There is no organization in the sport of track and field that is good at promoting and marketing coaching information for high school coaches. (Or anyone for that matter.) This contempt for ‘selling’ and ‘marketing’ is part of the reason we have so many bad high school coaches. And defensive collegiate/post collegiate coaches.
But if there was an organization that had any semblance of an entrepreneurial spirit, they should spend more time creating information and materials aimed at the developmental market. That’s where the vast majority of coaches are and if you want to get collegiate athletes to show up to your programs with a higher training age and work capacity, you need to educate their coaches at the lower levels.
If we’re going to get back our title as ‘World’s Fastest Country’ from Jamaica, with it’s population of 4 million people, it starts at the grass roots aka developmental level.
If there was one pattern of conversation I heard from coaches who attended my sessions, it was some variation of:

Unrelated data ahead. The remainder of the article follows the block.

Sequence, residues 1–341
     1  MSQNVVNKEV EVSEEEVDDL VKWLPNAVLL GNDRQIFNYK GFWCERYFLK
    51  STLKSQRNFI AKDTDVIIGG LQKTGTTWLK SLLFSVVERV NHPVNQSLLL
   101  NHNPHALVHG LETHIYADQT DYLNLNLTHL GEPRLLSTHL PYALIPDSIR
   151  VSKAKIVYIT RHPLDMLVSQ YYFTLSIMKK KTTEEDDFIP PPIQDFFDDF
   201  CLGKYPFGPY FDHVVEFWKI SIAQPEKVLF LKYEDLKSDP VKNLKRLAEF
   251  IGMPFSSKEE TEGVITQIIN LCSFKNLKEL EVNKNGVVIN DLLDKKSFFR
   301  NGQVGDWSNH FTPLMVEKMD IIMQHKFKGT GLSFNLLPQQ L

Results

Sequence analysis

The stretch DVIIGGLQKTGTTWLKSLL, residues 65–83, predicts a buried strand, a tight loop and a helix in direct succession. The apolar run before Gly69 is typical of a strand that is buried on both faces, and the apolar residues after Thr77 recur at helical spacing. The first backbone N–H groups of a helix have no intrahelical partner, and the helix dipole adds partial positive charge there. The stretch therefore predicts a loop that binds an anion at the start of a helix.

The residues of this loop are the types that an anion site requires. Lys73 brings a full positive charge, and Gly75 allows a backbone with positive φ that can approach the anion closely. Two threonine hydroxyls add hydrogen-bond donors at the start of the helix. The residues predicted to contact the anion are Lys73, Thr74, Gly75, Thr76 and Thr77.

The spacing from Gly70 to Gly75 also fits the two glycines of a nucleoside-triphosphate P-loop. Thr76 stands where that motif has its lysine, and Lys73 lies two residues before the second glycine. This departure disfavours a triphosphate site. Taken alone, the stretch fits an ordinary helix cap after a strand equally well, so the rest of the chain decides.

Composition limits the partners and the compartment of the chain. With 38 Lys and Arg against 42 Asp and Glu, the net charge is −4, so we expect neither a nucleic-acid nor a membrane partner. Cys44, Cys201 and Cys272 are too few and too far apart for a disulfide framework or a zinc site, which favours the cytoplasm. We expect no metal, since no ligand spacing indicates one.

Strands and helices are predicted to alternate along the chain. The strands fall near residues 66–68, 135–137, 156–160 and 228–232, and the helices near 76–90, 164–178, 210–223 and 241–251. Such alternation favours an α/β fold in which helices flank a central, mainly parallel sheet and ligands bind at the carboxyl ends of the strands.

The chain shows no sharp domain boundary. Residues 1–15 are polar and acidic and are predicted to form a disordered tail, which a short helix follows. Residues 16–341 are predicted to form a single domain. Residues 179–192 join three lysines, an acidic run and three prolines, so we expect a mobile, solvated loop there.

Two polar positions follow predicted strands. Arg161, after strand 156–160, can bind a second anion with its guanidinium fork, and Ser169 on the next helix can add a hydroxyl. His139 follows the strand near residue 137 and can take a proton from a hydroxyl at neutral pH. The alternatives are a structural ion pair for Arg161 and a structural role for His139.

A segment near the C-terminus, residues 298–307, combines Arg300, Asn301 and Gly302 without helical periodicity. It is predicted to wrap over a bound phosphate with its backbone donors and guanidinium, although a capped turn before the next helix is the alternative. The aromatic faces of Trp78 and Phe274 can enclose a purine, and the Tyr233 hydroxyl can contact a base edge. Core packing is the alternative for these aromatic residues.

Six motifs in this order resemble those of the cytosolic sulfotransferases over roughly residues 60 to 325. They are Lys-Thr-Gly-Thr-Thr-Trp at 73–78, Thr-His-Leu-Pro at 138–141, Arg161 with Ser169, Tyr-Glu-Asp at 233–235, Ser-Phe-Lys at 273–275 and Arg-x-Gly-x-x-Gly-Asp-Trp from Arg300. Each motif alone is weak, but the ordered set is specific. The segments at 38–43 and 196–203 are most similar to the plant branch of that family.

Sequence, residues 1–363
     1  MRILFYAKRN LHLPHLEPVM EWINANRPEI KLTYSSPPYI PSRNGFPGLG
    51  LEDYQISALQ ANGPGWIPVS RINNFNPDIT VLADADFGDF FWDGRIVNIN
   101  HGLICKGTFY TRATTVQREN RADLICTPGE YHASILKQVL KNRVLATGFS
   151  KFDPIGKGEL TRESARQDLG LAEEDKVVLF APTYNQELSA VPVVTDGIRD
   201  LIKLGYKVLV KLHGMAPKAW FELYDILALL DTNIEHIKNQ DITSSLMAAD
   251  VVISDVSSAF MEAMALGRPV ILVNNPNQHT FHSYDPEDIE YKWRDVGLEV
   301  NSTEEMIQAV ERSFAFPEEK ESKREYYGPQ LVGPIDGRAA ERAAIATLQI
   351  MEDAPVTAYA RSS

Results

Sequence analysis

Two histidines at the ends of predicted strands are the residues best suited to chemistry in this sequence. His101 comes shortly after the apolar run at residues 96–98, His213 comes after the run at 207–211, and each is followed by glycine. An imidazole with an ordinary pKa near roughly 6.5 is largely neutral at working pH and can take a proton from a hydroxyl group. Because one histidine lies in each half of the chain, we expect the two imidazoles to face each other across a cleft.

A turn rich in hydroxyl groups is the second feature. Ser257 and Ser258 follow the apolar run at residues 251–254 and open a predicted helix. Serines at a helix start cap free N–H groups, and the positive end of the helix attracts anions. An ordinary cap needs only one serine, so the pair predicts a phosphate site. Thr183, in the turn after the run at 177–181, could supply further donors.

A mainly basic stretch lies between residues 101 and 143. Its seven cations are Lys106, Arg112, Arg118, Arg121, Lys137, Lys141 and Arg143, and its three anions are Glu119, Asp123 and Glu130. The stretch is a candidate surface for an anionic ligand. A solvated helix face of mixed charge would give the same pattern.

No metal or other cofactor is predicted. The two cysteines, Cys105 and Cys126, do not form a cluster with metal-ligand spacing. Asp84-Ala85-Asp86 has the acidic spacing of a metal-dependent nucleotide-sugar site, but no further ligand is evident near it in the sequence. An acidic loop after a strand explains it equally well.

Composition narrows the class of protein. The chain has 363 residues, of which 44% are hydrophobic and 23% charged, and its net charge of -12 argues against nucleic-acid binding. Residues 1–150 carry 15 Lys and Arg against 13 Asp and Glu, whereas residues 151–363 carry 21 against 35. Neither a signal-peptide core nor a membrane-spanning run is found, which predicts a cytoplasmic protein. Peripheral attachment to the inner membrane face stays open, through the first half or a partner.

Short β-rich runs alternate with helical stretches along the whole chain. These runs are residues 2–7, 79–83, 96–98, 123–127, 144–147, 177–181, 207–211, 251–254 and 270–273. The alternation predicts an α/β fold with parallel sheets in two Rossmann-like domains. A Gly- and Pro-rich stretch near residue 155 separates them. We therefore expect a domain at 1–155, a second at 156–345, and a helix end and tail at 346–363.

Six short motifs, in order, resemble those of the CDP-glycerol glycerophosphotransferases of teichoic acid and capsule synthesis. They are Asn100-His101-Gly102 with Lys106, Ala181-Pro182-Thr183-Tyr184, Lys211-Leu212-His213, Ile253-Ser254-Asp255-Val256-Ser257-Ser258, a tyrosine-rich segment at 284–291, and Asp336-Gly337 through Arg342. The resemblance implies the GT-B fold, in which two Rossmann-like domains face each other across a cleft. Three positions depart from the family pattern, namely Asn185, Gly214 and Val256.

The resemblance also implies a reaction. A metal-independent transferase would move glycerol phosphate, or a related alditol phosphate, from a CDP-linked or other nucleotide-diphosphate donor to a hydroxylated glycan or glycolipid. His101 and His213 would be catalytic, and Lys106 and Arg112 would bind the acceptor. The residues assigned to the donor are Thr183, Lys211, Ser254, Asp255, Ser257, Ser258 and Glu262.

“It’s great to hear from a high school coach because you’re one of us. You have the same problems we have, deal with the same talent levels, team sizes and facility limitations. I love listening to the professional coaches, but we just can’t apply the things they’re talking about to our athletes. Thank you for the practical advice that I feel I can actually use with my team.”
If ‘big time’ coaches really want to help the sport, they’ll stop complaining about ‘marketer’ coaches and one upping each other with $6 words on fancy track forums and set their sights on the coaches who still think sending 200m runners out for a 3 mile run is an effective way to ‘get in shape’.
That’s why I’m a big fan of guys like Marc Mangiacotti. Last year his men’s 4×100 *and* 4×400 team won Division III National Championships. When you’re getting it done at the D3 level, it shows you’re not just getting freaks and keeping them where they are. You’re doing work.
A great article by Coach Mangiacotti on testing your sprinters to measure progress: Testing
That’s why I try to pick his brain as much as he can stand. And why I have him working on our next Master Class – ‘Building the Perfect 100m Sprinter – From Start to Finish’, due out in just a couple of weeks. I’ve seen the PowerPoint slides and he’s filming it at my office tomorrow. It’s pretty bad ass, so keep an eye out if you coach 100m runners. (Or even if you coach 400m runners because they need to know how to run the 100m as well.)
So my friend, what have we learned today? Success is a choice. Since you’re reading this, you’re probably in the top 20% or want to be. But it takes ongoing education to get there and stay there.
Now I’m going to read some training articles.
To your success,